Recently, the state governments of Colorado and Washington legalized marijuana for recreational use, with certain regulations, of course. Another sixteen states have legalized marijuana for medicinal purposes when a valid physician’s prescription has been issued for a series of disorders.
With the new legislation, do more people smoke marijuana than before? Do the people who already smoked weed now smoke more often, and do they smoke more at one time? And further, did the legalization of marijuana decrease the amount of alcohol that is consumed?
Academic Experts Weigh In
Mark A. R. Kleiman, a UCLA professor and one of the authors of the book Marijuana Legalization: What Everyone Needs to Know, states that, “A small change in alcohol has a bigger social impact than a large change in cannabis. So it ought to matter a lot whether the change is in the right direction or wrong direction.”
Kleiman, and other academics, especially in the world of economics, uses the term “cross-price elasticities of demand” for the ability of researchers to study the relationship alcohol and marijuana will have, and the impact each will have on the other, as both substances function equally on the legal spectrum.
Are the two substances substitutes, meaning people will use one instead of the other, or are they complements, meaning people will drink and smoke weed simultaneously?
Legalization Of Marijuana
Will the legalization of marijuana increase its availability and lower its price? Will the changes made to those factors of marijuana impact the amount of alcohol consumed? Will the demand for alcohol lesson as weed is more available and lower in price? Or will marijuana just be added to the regular consumption list of those who already drink regularly?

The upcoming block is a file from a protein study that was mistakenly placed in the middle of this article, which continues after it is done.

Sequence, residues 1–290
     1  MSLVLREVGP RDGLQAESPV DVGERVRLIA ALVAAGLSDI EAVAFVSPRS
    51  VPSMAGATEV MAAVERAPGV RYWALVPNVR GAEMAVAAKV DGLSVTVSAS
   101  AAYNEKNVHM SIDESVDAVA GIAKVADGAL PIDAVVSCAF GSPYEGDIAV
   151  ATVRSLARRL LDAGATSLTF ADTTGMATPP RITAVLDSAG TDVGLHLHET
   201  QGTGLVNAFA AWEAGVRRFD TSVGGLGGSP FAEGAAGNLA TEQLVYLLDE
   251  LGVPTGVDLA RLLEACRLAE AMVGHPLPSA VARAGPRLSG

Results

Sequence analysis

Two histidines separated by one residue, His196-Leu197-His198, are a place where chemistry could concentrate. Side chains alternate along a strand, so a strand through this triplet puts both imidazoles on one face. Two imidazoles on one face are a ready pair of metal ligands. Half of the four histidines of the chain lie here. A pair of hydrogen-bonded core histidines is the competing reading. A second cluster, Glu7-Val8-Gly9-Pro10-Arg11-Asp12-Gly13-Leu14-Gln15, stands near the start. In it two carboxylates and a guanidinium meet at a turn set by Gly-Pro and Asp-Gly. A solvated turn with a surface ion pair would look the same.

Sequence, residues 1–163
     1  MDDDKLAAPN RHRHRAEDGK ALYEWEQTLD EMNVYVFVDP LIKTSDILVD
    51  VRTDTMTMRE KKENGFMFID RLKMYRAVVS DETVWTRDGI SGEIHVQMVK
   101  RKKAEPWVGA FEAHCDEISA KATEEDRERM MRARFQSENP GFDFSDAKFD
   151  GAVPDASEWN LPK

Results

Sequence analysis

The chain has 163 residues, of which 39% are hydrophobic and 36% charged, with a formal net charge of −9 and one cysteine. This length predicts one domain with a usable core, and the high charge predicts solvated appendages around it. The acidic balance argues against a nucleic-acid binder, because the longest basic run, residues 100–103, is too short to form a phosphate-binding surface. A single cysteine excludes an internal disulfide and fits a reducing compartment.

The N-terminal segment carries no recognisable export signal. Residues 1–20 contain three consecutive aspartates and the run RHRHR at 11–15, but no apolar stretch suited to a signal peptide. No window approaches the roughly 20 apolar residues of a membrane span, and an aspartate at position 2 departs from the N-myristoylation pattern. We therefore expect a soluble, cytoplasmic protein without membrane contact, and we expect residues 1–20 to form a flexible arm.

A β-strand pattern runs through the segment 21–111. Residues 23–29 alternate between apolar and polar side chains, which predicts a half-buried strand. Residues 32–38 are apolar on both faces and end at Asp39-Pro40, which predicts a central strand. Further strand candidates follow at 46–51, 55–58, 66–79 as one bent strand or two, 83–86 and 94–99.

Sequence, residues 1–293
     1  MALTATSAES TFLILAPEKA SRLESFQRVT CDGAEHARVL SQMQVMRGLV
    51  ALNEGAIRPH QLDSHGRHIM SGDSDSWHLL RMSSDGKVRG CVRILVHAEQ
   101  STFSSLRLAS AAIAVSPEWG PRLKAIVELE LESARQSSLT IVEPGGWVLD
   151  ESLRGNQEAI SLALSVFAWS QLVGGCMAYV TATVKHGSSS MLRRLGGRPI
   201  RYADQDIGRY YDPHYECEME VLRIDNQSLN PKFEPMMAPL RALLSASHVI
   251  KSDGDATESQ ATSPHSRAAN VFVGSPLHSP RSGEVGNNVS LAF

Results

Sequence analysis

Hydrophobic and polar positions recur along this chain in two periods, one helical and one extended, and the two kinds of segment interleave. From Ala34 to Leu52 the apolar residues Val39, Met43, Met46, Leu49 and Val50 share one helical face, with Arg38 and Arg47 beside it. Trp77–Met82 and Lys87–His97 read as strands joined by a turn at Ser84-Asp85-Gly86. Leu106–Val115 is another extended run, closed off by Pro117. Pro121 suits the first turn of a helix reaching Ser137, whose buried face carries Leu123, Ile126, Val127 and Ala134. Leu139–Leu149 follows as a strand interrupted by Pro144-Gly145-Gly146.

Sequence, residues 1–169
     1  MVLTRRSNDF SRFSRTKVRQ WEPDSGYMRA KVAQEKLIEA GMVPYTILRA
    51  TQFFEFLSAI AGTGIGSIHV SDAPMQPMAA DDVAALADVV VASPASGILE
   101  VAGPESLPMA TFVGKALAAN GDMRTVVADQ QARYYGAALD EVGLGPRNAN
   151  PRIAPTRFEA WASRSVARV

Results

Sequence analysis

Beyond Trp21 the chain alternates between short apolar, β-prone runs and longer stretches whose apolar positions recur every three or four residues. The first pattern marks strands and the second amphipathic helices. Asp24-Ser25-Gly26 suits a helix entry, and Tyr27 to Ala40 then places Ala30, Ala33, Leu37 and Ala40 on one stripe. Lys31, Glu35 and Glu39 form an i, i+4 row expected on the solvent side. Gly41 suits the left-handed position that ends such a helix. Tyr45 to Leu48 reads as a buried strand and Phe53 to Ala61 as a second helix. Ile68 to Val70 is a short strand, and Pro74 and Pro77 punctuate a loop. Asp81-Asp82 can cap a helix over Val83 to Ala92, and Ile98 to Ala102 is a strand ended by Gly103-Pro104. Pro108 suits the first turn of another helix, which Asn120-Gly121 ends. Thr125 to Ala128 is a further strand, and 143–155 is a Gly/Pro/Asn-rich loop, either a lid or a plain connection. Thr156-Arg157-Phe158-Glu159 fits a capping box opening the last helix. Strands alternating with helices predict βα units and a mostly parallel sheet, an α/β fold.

Polydrug use, or the intake of more than one drug or substance at a time, is common, and alcohol and marijuana is already the most commonly used combination of drugs. The potential effects of marijuana plus alcohol can cause severe impairment in decision making, motor skills, eye functioning, balance, and the risk of unpredictable side effects that can be different from person to person.
The polydrug user can experience nausea, vomiting, psychological implications like psychotic symptoms, reactions of panic, anxiety, or paranoia, and a lack of awareness of one’s surroundings when mixing alcohol and marijuana.
Beau Kilmer, the co-director of the RAND Drug Policy Research Center, states that, “The social costs of marijuana use really pale in comparison to what we see as the social costs of heavy alcohol consumption.” Alcohol is the cause of car accidents, bodily injury to self and others, physical violence, heart disease, liver failure and cirrhosis of the liver, brain damage, cancer, erectile dysfunction, malnutrition, and many other medical complications. Marijuana does not have the same physical implications that alcohol inevitably causes.
The hope is that those who can now smoke marijuana without legal implications will switch to smoking weed instead of drinking alcohol. However, Beau Kilmer goes on to also say that, “What’s really potentially harmful is when people are using alcohol and marijuana together at the same time.” Driving while intoxicated and high can lead to even more accidents, higher emergency room utilization, and a potentially greater number of deaths each year.
Substance Abuse Analysts
Substance abuse analysts believe that the legalization of marijuana in the states like Colorado and Washington is a great way to see what trends will transpire from the increased availability, lowered price, and reduced rebellious aspect to using a drug that is no longer illegal.
As is the case with alcohol consumption, young people drink less after reaching the legal drinking age then they did before being legally “allowed” to drink. The same may prove true for marijuana. The appeal of the drug may lessen from its legalization.